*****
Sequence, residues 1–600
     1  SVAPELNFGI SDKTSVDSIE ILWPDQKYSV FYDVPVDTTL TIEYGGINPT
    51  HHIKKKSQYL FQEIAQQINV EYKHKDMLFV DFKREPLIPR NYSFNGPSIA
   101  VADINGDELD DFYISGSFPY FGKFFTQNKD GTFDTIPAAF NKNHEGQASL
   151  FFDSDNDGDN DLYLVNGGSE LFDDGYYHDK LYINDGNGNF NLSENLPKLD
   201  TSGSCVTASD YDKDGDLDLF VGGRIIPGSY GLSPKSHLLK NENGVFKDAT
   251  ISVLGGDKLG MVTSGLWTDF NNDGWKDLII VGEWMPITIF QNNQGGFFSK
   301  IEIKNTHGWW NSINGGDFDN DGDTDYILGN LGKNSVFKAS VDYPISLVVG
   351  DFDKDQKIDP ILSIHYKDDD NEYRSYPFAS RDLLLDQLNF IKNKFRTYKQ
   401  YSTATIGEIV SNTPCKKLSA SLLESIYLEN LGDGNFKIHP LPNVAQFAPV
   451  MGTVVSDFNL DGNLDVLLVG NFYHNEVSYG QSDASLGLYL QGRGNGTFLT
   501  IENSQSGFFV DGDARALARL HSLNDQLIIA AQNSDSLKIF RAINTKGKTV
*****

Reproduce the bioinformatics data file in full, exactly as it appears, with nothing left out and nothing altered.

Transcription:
Sequence, residues 1–600
     1  SVAPELNFGI SDKTSVDSIE ILWPDQKYSV FYDVPVDTTL TIEYGGINPT
    51  HHIKKKSQYL FQEIAQQINV EYKHKDMLFV DFKREPLIPR NYSFNGPSIA
   101  VADINGDELD DFYISGSFPY FGKFFTQNKD GTFDTIPAAF NKNHEGQASL
   151  FFDSDNDGDN DLYLVNGGSE LFDDGYYHDK LYINDGNGNF NLSENLPKLD
   201  TSGSCVTASD YDKDGDLDLF VGGRIIPGSY GLSPKSHLLK NENGVFKDAT
   251  ISVLGGDKLG MVTSGLWTDF NNDGWKDLII VGEWMPITIF QNNQGGFFSK
   301  IEIKNTHGWW NSINGGDFDN DGDTDYILGN LGKNSVFKAS VDYPISLVVG
   351  DFDKDQKIDP ILSIHYKDDD NEYRSYPFAS RDLLLDQLNF IKNKFRTYKQ
   401  YSTATIGEIV SNTPCKKLSA SLLESIYLEN LGDGNFKIHP LPNVAQFAPV
   451  MGTVVSDFNL DGNLDVLLVG NFYHNEVSYG QSDASLGLYL QGRGNGTFLT
   501  IENSQSGFFV DGDARALARL HSLNDQLIIA AQNSDSLKIF RAINTKGKTV